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Critical Care Nursing Quarterly

Deborah L Totzkay
Reduction in nursing staff injuries has occurred with the use of an evidence-based approach to safe patient handling and mobility. Parts of the evidence-based practice initiative include having the appropriate equipment, such as mechanical patient-lifting devices, a no-lift policy, and the use of peer coaches. The combination of the implementation of a culture of safety can sustain evidence-based, safe patient-handling practices that reduce patient-handling injuries. Patient-handling programs should include adaptations for an aging nursing workforce...
July 2018: Critical Care Nursing Quarterly
Katie Parchem, Amanda Peck, Katherine Tales
Research has shown that patients who are mechanically ventilated or immobile for greater than 7 days are at increased risk for deconditioning and muscle atrophy. Immobility impacts length of stay as well as patients' ability to return to their prior level of function. As part of the safe patient-handling initiative created at Michigan Medicine, a special team of nurses and therapists was assembled to adapt an adult mobility framework for the pediatric population. The pediatric mobility model determines each patient's specific mobility "phase" based on detailed criteria...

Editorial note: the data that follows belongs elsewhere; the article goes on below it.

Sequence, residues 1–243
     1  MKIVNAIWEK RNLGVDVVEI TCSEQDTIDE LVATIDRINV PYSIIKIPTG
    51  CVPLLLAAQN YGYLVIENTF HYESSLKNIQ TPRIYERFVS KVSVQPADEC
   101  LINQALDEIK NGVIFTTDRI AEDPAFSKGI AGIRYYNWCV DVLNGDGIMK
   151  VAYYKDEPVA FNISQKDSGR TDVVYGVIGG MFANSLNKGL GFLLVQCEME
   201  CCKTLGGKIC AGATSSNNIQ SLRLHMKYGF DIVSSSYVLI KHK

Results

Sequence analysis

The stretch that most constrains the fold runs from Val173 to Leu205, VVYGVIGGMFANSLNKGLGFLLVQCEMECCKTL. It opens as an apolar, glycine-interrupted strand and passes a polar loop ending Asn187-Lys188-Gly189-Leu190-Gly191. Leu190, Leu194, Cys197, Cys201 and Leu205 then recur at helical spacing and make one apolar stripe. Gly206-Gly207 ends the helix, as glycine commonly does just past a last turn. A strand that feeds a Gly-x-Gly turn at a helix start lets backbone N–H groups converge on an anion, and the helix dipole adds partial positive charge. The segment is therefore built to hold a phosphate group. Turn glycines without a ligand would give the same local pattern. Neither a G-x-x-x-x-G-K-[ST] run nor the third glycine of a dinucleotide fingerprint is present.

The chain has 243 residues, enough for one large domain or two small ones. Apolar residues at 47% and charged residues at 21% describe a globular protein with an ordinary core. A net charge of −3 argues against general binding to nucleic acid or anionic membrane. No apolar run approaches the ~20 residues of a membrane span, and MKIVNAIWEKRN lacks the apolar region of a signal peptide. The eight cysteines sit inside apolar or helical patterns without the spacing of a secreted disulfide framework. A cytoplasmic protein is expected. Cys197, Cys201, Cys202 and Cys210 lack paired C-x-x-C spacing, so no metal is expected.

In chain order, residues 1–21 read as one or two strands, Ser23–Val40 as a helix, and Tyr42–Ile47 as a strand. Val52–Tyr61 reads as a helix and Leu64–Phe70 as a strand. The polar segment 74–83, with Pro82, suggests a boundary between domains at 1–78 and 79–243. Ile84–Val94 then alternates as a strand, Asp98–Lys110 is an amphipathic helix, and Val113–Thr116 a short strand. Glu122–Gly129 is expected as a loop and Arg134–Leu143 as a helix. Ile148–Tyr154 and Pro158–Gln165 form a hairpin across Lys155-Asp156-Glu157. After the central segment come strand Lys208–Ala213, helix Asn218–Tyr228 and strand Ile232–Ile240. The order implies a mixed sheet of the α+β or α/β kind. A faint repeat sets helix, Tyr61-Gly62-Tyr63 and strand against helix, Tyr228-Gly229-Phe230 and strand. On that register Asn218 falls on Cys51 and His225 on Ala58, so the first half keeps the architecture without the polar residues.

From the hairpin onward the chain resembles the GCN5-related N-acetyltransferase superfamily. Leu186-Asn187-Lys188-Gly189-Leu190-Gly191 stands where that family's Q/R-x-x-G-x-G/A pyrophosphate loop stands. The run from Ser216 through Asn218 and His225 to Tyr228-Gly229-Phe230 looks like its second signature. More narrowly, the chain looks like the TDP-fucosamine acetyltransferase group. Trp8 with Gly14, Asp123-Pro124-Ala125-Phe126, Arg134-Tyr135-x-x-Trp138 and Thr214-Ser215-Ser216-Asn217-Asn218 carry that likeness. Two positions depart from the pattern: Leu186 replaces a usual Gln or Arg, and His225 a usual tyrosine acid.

July 2018: Critical Care Nursing Quarterly
Danielle Van Damme, Heidi Flori, Tonie Owens
Physical activity in acute and critical care has been recognized as a successful method of improving patient outcomes. Challenges lie, however, in mobilizing pediatric critically ill patients and establishing consensus among health care providers about the safety and feasibility. The challenge of mobilizing pediatric patients is balancing developmental level, functional ability, and level of acuity; therefore, a mobility guideline was developed for use in the pediatric intensive care unit (PICU). The unique population and challenges in the PICU led to the development of a PICU-specific set of medical criteria within a PICU mobility guideline...
July 2018: Critical Care Nursing Quarterly
Tonie Owens, Christopher Tapley
Due to improvements in biomedical sciences and clinical expertise, childhood mortality has decreased. Pediatric patients experience similar complications from inactivity as adults, such as hospital-acquired conditions and delirium. Interdisciplinary collaboration is imperative to improve functional and developmental outcomes of children who suffers from either a chronic illnesses or an acute illness that results in a prolonged hospitalization. Pediatric nursing assessments should include gross motor function related to mobility...
July 2018: Critical Care Nursing Quarterly
Chris J Dickinson
No abstract text is available yet for this article.
July 2018: Critical Care Nursing Quarterly
Renee Havey, Cassandra Aebersold, Jason Terrasi
Nelson and Baptiste noted that a standard approach to safe patient handling and mobility (SPHM) cannot be generalized to all patient care areas because the unique, high-risk tasks of each area require specific intervention. Matching the SPHM program to the setting, tasks, and roles is important in developing a program that will prevent harm. However, there is little evidence related to the use of SPHM programs in nontraditional care environments, such as emergency departments (EDs). A such, there is no standardized method for training ED nurses in safe patient handling...